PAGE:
August 8, 2007

Undocumented Workers: Big Trouble for Big Business

With Congress failing to pass immigration reform, Homeland Security is about to turn up the heat on big businesses. We read in the New York Times that new rules are about to be issued, requiring employers to fire workers who use false social security numbers. Homeland Security is also planning to step up the raids on workplaces across the country. In the chess game that is immigration policy, the pawns are about to get crushed.

"We are tough and we are going to get even tougher," says the aptly named Russ Knocke, a spokesman for Homeland Security. "There are not going to be any more excuses for employers, and there will be serious consequences for those that choose to blatantly disregard the law."

Wrong Numbers
Here's how the new enforcement program will work: Social Security will issue no-match letters to large employers where they find a significant number of incorrect numbers. These letters are issued only to employers with at least 10 mismatches, when these workers represent at least one half of 1 percent of the total workforce. Do the math: the enforcement effort is limited to employers with at least 2,000 employees. The key target of the enforcement effort is big business.
FOLLOW UP NOTE: Redo the math! A reader points out (see comments) that this new program may well impact much smaller employers, with as few as 50 employees. So the impact is potentially much greater than I originally thought. And as for mistakes in my math, alas, this is by no means the first.

Once employers receive the no-match letters, they have 14 days to check for clerical errors and consult with the employees to correct any mistakes. If they cannot come up with a valid social security number, they must fire the employees or face fines of up to $10,000.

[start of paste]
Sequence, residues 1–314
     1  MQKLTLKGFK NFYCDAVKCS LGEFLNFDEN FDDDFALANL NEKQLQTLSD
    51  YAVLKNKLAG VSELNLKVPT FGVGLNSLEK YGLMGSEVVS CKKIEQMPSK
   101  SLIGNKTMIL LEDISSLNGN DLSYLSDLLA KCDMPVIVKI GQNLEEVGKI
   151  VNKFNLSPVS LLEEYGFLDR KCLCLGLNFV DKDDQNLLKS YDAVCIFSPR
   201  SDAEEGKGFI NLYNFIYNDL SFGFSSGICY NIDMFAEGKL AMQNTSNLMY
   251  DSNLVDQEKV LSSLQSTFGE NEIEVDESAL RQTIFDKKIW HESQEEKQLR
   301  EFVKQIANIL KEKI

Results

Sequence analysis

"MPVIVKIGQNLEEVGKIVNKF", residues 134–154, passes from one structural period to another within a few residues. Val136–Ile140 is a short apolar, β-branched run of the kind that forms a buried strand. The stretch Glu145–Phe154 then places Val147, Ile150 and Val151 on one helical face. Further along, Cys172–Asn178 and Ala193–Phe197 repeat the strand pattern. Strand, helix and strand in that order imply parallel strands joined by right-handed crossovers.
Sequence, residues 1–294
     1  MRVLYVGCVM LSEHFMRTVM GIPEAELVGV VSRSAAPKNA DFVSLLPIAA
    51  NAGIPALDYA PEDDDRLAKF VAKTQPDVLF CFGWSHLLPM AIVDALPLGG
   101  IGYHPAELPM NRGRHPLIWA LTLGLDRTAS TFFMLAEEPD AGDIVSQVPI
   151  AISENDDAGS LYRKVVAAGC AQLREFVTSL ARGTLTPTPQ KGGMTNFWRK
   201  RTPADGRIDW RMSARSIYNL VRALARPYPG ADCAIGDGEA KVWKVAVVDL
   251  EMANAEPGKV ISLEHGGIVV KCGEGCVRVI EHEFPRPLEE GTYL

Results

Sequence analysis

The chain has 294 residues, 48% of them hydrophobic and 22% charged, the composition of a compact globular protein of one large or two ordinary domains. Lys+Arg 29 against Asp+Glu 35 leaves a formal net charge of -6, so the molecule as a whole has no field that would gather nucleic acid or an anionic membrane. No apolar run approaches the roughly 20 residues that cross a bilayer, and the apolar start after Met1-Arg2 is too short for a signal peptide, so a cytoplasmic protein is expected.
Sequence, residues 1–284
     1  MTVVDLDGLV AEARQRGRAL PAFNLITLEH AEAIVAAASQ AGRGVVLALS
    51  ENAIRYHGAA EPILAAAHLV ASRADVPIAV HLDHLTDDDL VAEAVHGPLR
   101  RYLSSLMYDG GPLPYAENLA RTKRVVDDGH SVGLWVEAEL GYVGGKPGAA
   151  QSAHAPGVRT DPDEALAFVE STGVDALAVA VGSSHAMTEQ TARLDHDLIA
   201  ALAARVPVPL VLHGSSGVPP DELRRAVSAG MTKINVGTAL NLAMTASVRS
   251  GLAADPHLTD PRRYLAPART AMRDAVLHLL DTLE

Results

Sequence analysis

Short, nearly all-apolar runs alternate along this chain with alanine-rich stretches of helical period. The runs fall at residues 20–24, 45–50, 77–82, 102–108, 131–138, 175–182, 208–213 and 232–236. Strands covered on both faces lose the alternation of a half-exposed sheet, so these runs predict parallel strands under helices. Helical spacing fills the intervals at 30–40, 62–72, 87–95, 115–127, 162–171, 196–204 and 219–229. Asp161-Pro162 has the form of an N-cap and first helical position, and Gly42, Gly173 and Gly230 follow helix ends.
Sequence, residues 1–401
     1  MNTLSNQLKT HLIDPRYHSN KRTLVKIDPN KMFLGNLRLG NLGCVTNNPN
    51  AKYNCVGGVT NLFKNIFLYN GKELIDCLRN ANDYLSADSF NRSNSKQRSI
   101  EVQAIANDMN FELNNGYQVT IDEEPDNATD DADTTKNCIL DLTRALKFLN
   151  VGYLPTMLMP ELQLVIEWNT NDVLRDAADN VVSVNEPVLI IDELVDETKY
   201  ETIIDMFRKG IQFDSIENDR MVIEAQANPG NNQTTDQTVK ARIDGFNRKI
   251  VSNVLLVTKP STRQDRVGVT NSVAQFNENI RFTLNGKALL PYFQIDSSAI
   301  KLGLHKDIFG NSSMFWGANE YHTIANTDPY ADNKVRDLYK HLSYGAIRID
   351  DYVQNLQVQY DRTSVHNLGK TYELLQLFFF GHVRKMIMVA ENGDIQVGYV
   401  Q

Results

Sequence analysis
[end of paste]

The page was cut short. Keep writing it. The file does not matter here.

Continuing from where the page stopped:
Immigrant advocacy groups fear the consequences: massive lay offs accompanied by a surge in the "underground" workforce. Add to this the complete absence of safety enforcement for most undocument workers and you have a truly volatile mix.

There is an over-arching irony in this situation: most of the undocumented workers who will lose their jobs under this program are performing valuable and valued work. They have taken on jobs that credentialed workers traditionally reject: work that is too hard, with pay that is too low and working conditions that are too miserable. Many of these important jobs will remain vacant. Beyond the misery of the families and communities hosting these workers, we will all see a signficant increase in the cost of living. Sure, it's trouble for American business. But soon enough it will become trouble for all of us.

| 4 Comments

4 Comments

Mr Coppelman's assertions that we will all suffer due to the end of cheap exploited illegal laborers may have some merit. But don't get all idealogically warm and fuzzy just yet....The problem stems from our acceptance of this simmering travesty over the last 30 years and the softening of our over pampered workforce where even those on the public dole now assert that any form of manual labor is too menial. (That may account for the meteoric rise in the number of morbidly obese poor people as well).